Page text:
Decomposition of leaf litter in headwater streams.: Effects of changes in the environment and contribution of microbial and shredder activity on litter decomposition.
Independent thesis Advanced level (degree of Master (Two Years)), 40 credits / 60 HE creditsStudent thesis
Headwaters, which are the most common stream order in the landscape, are mostly dependent on energy produced in the terrestrial system, largely consisting of leaf litter from riparian vegetation. The aim of this study was to investigate the decomposition in headwaters of leaf litter from three native (alder, birch, spruce) and one non-native (lodgepole pine) species and how decomposition responds to changes in the environment. Further, microbial and shredder influences on leaf-litter decomposition and aquatic decomposer ability to adapt to non-native species was investigated. By using field-data from this study, calculations were made to assess if microbes and shredders are resource limited. Litterbags were placed in 20 headwater streams in northern Sweden that varied in water chemistry, stream physical characteristics and riparian vegetation. The results revealed that species litter decomposition of different plant species was affected differently by changes in environmental variables. Alder and birch decomposition were positively associated, whereas lodgepole pine deviated from the other species in decomposition and its relationship with important environmental variables, indicating that the ability of the boreal aquatic systems to decompose litter differs between introduced and native species. When including macroinvertebrates, shredder fragmentation generally increased decomposition, but was not significant for all sites. Resource availability for microbes and shredders was controlled by litter input, and no risk of resource limitations was evident during the study period. These findings highlight a complexity of the decomposition process that needs to be considered when predicting changes due to human activities.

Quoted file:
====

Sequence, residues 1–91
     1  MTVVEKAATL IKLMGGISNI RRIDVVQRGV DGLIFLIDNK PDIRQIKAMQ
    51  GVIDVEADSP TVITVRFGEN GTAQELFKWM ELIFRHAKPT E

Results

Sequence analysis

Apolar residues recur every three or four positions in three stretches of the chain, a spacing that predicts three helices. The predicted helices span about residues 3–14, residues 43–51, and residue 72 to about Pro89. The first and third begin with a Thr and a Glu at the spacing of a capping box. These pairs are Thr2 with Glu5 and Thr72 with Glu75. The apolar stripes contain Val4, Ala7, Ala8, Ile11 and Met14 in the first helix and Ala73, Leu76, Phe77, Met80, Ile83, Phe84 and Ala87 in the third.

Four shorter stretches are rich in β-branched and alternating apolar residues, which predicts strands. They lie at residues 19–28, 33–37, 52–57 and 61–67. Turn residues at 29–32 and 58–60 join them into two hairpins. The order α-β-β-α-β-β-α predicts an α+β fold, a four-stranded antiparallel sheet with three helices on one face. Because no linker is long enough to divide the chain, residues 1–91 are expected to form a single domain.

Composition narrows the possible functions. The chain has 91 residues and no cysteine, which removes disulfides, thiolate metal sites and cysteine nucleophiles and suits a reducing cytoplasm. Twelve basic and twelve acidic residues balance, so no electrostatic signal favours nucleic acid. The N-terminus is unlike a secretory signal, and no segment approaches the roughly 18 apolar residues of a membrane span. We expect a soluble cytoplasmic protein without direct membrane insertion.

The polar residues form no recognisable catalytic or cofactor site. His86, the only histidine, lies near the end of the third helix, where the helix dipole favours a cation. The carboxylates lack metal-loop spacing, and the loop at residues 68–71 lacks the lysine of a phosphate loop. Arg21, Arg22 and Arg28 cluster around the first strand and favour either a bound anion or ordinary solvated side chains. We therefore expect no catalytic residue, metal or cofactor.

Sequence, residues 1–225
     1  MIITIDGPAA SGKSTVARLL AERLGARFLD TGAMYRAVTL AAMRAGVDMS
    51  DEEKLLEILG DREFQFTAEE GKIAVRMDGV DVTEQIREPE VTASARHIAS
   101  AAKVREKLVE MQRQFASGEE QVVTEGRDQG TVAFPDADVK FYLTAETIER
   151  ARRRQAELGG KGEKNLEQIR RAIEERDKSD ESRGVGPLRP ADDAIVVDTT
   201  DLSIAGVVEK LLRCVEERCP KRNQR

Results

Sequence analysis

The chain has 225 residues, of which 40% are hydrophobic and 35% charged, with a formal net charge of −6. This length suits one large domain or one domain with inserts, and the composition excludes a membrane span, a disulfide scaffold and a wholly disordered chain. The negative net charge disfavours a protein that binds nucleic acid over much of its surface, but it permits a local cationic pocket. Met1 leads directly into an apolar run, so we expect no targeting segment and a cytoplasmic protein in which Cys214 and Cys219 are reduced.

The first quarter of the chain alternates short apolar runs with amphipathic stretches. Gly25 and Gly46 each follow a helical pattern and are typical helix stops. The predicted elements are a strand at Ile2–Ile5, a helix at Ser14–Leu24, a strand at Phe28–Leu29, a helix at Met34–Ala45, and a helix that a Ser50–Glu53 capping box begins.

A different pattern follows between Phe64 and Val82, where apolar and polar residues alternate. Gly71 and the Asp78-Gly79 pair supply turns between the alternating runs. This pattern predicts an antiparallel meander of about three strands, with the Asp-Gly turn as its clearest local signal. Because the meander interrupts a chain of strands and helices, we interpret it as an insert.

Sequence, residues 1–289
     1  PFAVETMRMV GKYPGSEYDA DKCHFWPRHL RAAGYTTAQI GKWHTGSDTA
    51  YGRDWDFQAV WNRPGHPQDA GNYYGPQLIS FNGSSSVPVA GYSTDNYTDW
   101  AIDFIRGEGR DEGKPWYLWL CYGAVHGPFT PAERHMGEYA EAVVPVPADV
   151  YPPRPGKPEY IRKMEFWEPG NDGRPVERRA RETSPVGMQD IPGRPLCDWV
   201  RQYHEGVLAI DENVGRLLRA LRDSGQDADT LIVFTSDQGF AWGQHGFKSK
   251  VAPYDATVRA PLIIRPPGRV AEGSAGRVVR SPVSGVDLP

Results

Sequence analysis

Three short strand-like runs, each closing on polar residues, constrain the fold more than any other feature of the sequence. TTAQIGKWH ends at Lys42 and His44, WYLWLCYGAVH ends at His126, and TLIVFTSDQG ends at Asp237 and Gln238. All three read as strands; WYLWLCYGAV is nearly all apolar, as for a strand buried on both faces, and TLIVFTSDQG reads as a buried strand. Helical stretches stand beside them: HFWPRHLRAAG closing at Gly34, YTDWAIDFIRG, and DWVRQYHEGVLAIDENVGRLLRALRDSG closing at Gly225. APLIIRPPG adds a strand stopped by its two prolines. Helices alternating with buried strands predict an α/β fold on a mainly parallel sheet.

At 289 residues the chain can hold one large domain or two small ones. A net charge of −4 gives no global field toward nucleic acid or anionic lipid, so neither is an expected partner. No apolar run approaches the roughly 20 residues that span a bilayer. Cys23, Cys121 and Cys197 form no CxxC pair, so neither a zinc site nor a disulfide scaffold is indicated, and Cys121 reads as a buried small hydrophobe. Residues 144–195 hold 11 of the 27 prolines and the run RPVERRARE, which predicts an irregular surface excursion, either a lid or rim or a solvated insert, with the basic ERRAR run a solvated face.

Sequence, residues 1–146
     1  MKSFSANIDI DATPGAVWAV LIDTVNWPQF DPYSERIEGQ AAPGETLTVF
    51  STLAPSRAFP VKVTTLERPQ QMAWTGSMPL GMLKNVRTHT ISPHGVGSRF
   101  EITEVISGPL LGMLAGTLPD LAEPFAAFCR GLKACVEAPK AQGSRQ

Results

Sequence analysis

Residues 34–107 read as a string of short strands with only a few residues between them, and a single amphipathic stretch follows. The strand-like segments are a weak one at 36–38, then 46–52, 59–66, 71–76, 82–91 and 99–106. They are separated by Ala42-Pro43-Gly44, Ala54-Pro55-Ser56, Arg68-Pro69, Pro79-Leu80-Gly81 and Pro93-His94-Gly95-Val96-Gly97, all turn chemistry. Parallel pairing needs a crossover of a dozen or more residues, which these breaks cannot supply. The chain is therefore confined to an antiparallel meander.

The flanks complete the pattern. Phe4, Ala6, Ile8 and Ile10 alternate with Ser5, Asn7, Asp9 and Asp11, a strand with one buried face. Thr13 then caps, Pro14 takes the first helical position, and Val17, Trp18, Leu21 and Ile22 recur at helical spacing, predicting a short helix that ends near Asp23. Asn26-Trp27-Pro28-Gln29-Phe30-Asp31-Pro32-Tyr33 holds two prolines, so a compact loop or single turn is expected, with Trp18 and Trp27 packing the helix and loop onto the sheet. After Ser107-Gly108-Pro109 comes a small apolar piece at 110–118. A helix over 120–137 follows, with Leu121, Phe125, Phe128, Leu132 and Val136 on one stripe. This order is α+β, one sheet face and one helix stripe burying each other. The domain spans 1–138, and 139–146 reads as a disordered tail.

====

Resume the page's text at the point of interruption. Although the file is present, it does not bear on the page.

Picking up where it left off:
Place, publisher, year, edition, pages
2015. , 26 p.
Leaf-litter decomposition, headwaters, microbial decomposition, shredders, ecosystem adaptation
IdentifiersURN: urn:nbn:se:umu:diva-105488OAI: oai:DiVA.org:umu-105488DiVA: diva2:825755
Master's Programme in Ecology
Jonsson, Micael, Researcher
Byström, Pär, Associate professor